“Our Diversity Committee is comprised of faculty, staff and students and meets monthly to ensure we have a welcoming and safe climate for diversity and inclusion,” says Robb. “Every three years, we conduct a climate assessment and use the results to guide our initiatives. We regularly host diversity trainings, forums, panels, and film discussions to engage faculty, staff, and students in honest dialogue in a safe environment.”
There are several diversity-related student groups, including Student Ambassadors, N-SPIRE, the Student Diversity Committee and the Buckeye Assembly for Men in Nursing.
“Our biggest diversity recruitment program is the Summer Institute for Diversity in Nursing,” says Robb. In this program, high school students spend time on campus over four days in August to obtain hands-on nursing experience with patient simulators, attend lectures, participate in skills labs, and tour the campus. Participants receive information about admissions and financial aid, and receive assistance preparing for the ACT.
The goal of the program is to increase the number of underrepresented populations in nursing, which includes not only racial minorities, but also men. Most students who attend are economically disadvantaged.
The summer program isn’t the only effort aimed at building a diverse pipeline. “Students at a young age need to be informed of the many opportunities in nursing and the need to develop a strong academic record,” says Robb. “We collaborate with community members, non-profit organizations, schools, and Ohio State health sciences colleges to develop outreach and recruitment events for underrepresented elementary, high school, and college students,” says Robb. “We have over 50 student ambassadors who volunteer at these events to share their love of nursing.”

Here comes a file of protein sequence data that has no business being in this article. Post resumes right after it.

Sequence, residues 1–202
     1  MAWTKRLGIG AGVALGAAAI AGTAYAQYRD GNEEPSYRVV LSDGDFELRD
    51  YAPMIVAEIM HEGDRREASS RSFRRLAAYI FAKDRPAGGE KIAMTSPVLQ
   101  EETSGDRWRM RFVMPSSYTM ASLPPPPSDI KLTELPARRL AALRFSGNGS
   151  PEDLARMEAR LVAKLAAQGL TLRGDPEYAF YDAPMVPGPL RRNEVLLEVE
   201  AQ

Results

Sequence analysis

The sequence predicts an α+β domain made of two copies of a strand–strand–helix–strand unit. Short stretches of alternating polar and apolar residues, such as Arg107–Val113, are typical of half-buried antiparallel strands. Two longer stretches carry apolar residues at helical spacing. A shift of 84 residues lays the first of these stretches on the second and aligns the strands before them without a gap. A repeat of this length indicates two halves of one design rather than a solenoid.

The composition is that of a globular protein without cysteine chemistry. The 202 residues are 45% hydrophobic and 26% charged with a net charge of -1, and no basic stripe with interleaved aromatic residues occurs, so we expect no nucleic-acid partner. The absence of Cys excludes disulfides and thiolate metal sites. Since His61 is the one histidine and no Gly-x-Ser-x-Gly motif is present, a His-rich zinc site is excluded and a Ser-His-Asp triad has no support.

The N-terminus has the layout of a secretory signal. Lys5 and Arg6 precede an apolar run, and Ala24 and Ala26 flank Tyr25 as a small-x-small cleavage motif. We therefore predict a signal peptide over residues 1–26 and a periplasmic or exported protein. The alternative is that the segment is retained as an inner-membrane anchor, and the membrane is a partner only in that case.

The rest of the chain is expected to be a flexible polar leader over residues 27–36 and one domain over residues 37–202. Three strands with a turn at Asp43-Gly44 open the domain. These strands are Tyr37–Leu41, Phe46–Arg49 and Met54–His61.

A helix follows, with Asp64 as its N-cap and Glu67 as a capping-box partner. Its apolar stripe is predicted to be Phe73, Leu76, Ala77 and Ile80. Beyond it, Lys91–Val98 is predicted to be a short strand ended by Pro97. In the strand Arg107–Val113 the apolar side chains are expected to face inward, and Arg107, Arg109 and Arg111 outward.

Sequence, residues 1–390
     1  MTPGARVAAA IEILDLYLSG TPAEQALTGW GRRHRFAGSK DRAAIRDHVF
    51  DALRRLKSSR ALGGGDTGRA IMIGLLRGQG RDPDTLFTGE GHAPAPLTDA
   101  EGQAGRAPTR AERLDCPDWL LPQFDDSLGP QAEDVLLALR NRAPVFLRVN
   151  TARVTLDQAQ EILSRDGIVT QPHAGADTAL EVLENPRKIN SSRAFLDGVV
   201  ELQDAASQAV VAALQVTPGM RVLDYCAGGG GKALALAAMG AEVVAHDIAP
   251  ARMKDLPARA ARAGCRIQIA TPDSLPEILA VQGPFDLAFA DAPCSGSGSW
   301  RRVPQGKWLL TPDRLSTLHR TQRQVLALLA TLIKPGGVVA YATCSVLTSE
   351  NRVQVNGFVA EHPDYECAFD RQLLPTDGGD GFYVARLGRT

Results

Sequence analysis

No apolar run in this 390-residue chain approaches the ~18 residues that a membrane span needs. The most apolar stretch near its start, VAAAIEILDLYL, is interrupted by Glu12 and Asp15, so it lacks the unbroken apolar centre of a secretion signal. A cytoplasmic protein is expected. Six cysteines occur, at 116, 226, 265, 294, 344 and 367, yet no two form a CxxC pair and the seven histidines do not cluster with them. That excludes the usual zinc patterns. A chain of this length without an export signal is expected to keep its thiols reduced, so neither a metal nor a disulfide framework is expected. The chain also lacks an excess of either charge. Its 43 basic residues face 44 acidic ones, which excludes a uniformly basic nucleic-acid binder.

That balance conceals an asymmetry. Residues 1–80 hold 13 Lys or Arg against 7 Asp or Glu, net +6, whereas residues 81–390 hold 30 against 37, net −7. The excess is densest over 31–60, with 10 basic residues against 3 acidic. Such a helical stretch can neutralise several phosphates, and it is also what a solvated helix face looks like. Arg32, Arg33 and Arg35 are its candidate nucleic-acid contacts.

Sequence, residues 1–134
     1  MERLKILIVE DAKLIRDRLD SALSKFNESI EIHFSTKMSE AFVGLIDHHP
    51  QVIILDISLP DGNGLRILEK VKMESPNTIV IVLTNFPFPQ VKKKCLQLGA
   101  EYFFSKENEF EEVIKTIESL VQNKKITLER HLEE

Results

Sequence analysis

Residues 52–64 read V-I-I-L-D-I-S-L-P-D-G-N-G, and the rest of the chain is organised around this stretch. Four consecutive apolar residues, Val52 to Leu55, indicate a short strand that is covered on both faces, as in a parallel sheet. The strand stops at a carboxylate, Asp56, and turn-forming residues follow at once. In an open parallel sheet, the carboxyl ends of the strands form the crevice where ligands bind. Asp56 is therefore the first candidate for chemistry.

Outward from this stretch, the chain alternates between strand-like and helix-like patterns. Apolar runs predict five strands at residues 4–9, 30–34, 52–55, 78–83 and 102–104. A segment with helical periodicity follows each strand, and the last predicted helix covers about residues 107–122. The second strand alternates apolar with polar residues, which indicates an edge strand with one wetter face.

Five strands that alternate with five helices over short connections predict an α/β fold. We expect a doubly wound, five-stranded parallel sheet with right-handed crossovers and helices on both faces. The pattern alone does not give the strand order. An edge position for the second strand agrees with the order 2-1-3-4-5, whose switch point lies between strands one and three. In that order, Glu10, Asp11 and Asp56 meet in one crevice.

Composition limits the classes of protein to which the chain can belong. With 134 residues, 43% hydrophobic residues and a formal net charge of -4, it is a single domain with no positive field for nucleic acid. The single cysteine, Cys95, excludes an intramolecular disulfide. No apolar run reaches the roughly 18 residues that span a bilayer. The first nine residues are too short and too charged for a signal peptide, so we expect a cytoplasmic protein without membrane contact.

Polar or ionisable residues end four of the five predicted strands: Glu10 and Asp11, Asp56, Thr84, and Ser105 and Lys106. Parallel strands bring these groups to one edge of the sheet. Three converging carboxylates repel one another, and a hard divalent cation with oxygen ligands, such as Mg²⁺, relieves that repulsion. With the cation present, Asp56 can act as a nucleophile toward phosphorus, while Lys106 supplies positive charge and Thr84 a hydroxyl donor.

The American Assembly for Men in Nursing named Ohio State the Best Nursing College for Men in 2008. At the time, 10 percent of undergraduate nursing students were male; in 2013, that number has risen to 14 percent. The graduate program has seen an increase from 15 to 20 percent in the number of male students.
Best Diversity Practices
Nursing programs seeking to enhance their diversity and inclusion programs should treat diversity like any other strategic priority, says Alexander, “which means you have a plan, goals, objectives, and accountability. That also means you give it money, time, and resources.”
Having a diversity champion on the school’s leadership team is also important: “There should be a safe place for people to raise their questions and examine their assumptions on the organizational level, as well as the personal level,” Alexander says.
Networking among colleagues also plays a big role in the national effort to bring more diversity to nursing, Lauderdale says. “Talk to someone that has an active, successful diversity program,” she says. “I receive three or four calls every few months from people looking for information and help developing a diversity program. I’m very open to sharing what I’ve done here.”
“It’s easy to let the numbers become the driver, but you cannot build with just the recruitment and retention of faculty, staff, and students,” Alexander says. “You must also create a climate where there is equality of opportunity and the ability of all humans to flourish.”
Jennifer Robb agrees. “When current students feel respected and welcome, they will be your most powerful recruitment tools because they will share their positive experiences about your program with prospective students and the community.”
The time for nursing schools to act is now, says Alexander. “This is not work that’s going away. This is going to be huge. We have massive changes before us and we have to get ready for them.”
Susan Borowski is a contributing writer for INSIGHT Into Diversity magazine.
Published in our April/May 2013 issue.